How to secure top talent in a cautious market
With the working lives of so many Australians impacted by COVID-19, it’s understandable that candidates’ priorities are changing too.

Notably, job security has emerged as a strong focus for candidates. In fact, 2 in 3 candidates feel that because of COVID-19, job security is more important than salary, research conducted on behalf of SEEK shows. And 41% of candidates say they will be more nervous about changing jobs.

With this and other changes to what candidates value, plus an environment of ongoing uncertainty, employers face extra challenges in trying to appeal to top talent now.

Adjusting your approach can help you to attract talent despite these challenges. Here’s a look at what to consider, and how to ensure your people strategy stays strong.

Plan ahead and look inwards

While job security is the biggest driver, there are still lots of candidates passively seeking roles. Sinead Connolly, Director and Co-founder at Lotus People, says candidates are more considered than ever and diligently taking the time to assess whether it’s worth making a move for the right opportunity. That’s why forward planning is key.

At RMIT University, they recognise that the attraction phase in a candidate journey can begin eighteen months ahead of time. “That way, when candidates start to feel more confident in themselves and the economy, they have you as an employer of choice top of their mind,” says Global Employer Branding Manager, Quila Cervelli.

She also says it’s the perfect time to look internally and give opportunities to existing employees. “We consistently promote our exceptional learning and development opportunities as part of a rich internal mobility program.”

Make sure roles and expectations align

Connolly says that while candidate behaviour has changed, individuals still want to progress their careers. “Now more than ever, we are seeing candidates wanting to align themselves to their purpose, and to meaningful work,” she adds.

She says if you want to attract the best people in a nervous market, a hands-on approach is very important. A crucial first step is to understand a candidate’s motivations and drivers.

“After that, it’s about clear communication – describe the organisation’s current state, its growth plans and learning opportunities for the particular role,” she says.

At Lotus People, when working with top talent, they speak to candidates daily, update them on the process, provide guidance, answer questions and manage concerns, Connolly says.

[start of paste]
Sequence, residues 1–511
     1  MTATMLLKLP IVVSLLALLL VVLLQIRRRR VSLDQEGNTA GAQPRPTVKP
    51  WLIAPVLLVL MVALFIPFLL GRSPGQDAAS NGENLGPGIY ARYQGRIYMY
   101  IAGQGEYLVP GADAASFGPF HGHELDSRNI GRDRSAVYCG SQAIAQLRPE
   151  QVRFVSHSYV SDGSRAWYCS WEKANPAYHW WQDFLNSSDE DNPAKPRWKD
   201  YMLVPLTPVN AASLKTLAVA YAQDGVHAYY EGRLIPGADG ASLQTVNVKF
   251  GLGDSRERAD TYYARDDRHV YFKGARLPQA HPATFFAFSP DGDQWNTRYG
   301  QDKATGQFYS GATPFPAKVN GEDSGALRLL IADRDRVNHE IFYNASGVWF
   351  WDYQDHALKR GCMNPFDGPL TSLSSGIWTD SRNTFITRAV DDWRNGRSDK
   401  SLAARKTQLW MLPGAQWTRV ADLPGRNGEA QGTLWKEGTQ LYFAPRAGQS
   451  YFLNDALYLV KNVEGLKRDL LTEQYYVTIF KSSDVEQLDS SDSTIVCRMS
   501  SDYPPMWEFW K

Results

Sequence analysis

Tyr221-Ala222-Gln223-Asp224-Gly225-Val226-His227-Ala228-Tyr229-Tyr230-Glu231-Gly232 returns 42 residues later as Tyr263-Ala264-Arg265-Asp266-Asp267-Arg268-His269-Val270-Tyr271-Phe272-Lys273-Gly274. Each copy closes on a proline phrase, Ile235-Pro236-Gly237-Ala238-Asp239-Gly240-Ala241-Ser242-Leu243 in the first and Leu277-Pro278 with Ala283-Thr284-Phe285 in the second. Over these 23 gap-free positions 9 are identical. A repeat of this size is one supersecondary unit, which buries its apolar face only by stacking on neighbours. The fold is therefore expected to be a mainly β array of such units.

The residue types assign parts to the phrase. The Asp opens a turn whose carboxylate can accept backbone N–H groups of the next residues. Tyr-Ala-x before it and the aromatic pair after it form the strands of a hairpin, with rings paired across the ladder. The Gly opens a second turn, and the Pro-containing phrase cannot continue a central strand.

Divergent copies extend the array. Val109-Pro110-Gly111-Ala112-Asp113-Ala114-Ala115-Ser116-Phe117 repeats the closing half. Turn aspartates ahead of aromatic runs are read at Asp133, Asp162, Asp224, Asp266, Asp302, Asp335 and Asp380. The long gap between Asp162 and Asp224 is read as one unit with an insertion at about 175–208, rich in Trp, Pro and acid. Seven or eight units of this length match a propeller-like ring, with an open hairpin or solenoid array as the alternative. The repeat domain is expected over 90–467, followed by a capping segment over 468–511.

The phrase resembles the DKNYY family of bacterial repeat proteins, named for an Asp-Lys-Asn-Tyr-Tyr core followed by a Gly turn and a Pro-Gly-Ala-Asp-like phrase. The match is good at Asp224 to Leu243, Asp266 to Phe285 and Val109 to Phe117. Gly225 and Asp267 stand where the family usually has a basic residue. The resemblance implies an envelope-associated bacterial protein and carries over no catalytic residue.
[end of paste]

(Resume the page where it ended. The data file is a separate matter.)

Cervelli agrees that communication with candidates is key. “Be like an open book during the candidate journey – tell them what is happening on what day, when they will hear from you and what they should expect while they are waiting,” she adds.

Reshape your Employee Value Proposition

Cervelli says employers need to step up when it comes to communicating their Employee Value Proposition (EVP) now. Traditionally an EVP focuses on what someone can expect in a job or employer, but in the current climate, it needs to highlight how someone can personalise their potential work arrangements.

“This may include how prospective hires can work at home with children or even make the role part-time to work around their personal circumstances,” she says.

In risk-averse times, your EVP needs to attract a broad community. One way to do this is to highlight stories of employees that represent a range of communities, including Aboriginal and Torres Strait Islander people, LGBTIAQ+ people, people with accessibility requirements and flexible workers.

“It needs to contain authentic stories that showcase what your organisation has built to foster community and career advancement and how enriching experiences have been created,” Cervelli says. This may include videos, blogs, interview content, live 1:1s or webinars.”

Connolly agrees and says that with such an uncertain environment, and with mental health a major concern, candidates are now looking to organisations with strong leadership.

“A genuine concern for, and willingness to invest in, wellbeing and mental health, the technology to do their roles well and the flexibility to work from home whilst their organisation maintains a strong company culture are key.”

Considering the things employees value outside of money such as purpose, learning and choice can also help shape the way you attract talent.

Why a strong people strategy matters now

Planning ahead, looking to internal talent, ensuring roles and expectations align and reshaping your EVP are all ways that your organisation could strengthen its people strategy now.

With candidate behaviour changing drastically since the outbreak of COVID-19 in Australia, a strong people strategy is essential.

It allows you to have focus and clear direction when it comes to securing the best people, identifying who your organisation will want in the future and understanding how you can bring your brand to market and create a strong pipeline of candidates for future hires.

Source: Independent research conducted by Nature of behalf of SEEK, interviewing 4800 Australians annually. Published October 2020.

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